AUSTIN, Texas (AP) Wearily dragging into an unusual eighth month of the Texas Legislature, a House committee on Aug. 1 again approved boosting spending for overcrowded and crumbling roads, a plan twice sunk at the Capitol this summer by turmoil and no-show lawmakers.
The ongoing failure to ratify an extra $900 million for transportation is raising political stakes on the eve of the campaign season for 2014, when Texas faces a major shake-up of leadership with the departure of Gov. Rick Perry.
Perry, the longest-serving governor in Texas history, wants more roads to meet the needs of a booming Texas population before he goes. He lashed out at the House and ordered a third special session — the first since 2006 — when a second try fizzled out.
On Aug. 5, House members revisited what is largely the same transportation bill they failed to pass last time, with a new twist: a requirement that the Texas Department of Transportation cut internal costs by $100 million before being handed more money for highways.
Democratic Rep. Joe Pickett, who is carrying the bill, said the reductions would not mean layoffs of state employees.
“That’s not going to happen,’’ Pickett said. “There’s a lot of ways for an agency with [billions of dollars], through efficiencies and savings, to come up with $100 million.’’
Pickett said the cost-cutting aims to appease critics wary of giving TxDOT more funds without assurances that the agency is committed to spending every dollar wisely.
TxDOT Executive Director Phil Wilson told the House Select Committee on Transportation Funding that the reductions were possible.
“We’re doing everything we can to reduce spending,’’ Wilson said.
Road capacity has sorely lagged behind population growth in Texas the past quarter-century. One major stream of highway construction revenue comes as a gas tax that charges drivers 20 cents per gallon at the pump. But the tax rate hasn’t budged in decades, while the population has soared and cars have become more fuel-efficient.
With tax hikes of any kind unpopular in the Republican-controlled Legislature, lawmakers hatched a plan to siphon money currently funneled to the state’s Rainy Day Fund and put it toward roads. Pickett has proposed giving budget-writing lawmakers authority to regularly set a minimum balance for that reserves fund.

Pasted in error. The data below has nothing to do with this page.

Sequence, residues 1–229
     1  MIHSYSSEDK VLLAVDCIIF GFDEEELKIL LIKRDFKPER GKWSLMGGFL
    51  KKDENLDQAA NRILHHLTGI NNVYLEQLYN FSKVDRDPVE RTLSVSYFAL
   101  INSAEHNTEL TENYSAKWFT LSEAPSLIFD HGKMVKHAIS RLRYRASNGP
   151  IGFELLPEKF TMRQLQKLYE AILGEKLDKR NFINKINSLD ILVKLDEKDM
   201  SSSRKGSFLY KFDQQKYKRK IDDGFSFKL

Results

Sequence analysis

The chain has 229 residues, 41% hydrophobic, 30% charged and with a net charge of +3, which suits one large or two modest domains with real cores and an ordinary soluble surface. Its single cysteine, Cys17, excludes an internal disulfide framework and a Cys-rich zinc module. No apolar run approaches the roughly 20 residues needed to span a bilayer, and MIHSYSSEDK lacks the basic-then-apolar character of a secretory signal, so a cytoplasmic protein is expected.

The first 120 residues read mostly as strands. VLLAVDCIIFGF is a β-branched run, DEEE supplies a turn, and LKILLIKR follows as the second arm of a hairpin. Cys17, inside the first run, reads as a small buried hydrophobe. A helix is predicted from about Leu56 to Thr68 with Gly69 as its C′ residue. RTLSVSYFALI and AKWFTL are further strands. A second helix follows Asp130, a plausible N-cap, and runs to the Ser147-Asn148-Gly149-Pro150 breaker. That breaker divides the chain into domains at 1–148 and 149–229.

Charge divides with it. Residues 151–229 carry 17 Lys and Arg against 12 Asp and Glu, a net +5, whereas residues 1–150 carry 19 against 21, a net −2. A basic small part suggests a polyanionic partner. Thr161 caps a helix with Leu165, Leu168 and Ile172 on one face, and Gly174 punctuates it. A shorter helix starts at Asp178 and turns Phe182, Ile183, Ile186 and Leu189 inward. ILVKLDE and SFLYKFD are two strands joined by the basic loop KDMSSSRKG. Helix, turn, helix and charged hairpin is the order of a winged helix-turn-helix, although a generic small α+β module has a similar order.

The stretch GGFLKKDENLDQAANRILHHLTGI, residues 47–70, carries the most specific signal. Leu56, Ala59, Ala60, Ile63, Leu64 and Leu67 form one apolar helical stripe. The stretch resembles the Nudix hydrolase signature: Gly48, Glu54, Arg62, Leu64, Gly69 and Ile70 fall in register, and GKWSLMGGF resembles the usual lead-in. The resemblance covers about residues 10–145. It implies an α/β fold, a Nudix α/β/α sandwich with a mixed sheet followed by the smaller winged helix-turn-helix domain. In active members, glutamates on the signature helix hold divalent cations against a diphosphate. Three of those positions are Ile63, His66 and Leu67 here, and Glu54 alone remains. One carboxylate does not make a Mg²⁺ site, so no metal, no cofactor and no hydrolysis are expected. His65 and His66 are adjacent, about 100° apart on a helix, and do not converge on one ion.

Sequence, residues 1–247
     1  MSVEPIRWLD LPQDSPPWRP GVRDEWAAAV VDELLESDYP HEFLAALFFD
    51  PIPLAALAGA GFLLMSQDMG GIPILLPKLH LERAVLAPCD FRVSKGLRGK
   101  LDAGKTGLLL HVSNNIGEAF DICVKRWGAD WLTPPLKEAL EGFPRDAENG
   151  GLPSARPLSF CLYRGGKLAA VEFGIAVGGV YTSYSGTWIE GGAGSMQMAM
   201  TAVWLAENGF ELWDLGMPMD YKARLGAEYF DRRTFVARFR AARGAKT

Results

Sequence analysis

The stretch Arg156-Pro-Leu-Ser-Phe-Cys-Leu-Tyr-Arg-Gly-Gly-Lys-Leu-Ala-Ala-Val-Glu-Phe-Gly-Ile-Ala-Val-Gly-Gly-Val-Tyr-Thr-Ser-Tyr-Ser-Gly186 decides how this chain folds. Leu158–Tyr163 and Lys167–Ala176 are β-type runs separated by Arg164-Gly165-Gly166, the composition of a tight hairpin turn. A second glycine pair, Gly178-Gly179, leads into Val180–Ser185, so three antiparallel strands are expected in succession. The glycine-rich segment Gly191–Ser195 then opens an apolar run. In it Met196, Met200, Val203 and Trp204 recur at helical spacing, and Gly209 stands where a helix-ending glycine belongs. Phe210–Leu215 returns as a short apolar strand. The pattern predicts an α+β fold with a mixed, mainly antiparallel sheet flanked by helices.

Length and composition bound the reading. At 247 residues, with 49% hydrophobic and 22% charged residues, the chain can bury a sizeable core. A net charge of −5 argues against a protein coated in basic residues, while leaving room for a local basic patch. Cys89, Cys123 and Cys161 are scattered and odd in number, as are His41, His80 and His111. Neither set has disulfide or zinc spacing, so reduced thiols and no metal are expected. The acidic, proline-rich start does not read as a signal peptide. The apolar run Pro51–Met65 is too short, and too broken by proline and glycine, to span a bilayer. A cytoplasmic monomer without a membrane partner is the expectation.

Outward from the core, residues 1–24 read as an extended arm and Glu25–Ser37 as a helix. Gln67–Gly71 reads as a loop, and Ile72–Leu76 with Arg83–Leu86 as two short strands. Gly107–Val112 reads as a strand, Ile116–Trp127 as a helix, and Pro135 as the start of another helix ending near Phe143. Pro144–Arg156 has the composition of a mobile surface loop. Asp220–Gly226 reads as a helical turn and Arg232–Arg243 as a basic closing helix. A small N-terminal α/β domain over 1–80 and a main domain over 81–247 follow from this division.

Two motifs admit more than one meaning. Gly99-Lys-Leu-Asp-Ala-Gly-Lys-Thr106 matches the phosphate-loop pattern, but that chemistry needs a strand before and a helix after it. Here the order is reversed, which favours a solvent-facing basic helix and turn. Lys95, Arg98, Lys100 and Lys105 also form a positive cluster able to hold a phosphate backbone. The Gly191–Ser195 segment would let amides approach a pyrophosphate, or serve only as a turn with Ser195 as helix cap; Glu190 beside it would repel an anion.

Even given another $900 million, it’s still only a sliver of the $4 billion more that TxDOT said is needed just to maintain the status quo on roads.
In July the Legislature was poised to ratify the spending, but that was before Democratic Sen. Wendy Davis embarked on an 11-hour filibuster to block new abortion restrictions. Her marathon speech ran out the clock on the first special session, with the help of shouting protesters in the Senate gallery, leaving no time for the transportation bill.
Lt. Gov. David Dewhurst, who has faced criticism from fellow Republicans about his handling of that session, acknowledged that he could have put the transportation bill up for a vote first.
“I take full responsibility for not foreseeing the effect of the international socialist movement organizers and the different groups that simply overwhelmed our security,’’ said Dewhurst, who faces a stiff primary challenge for his job next year.
Perry called a second special session, during which GOP lawmakers pushed through the abortion restrictions, but the TxDOT funding was left undone.
Democrats have used the twice-stalled transportation funding to blast Republicans for failed leadership. Those critics include Davis, who is weighing a run for governor.
The House had a second chance to approve more highway dollars, but the absence of 23 lawmakers for the vote hampered the bill’s prospects. Some lawmakers believe the measure might have prevailed in a full chamber, but attendance is waning as the summer drags on.
The Texas Legislature is supposed to handle its business in 140 days every two years. Aug. 1 marked Day 203.
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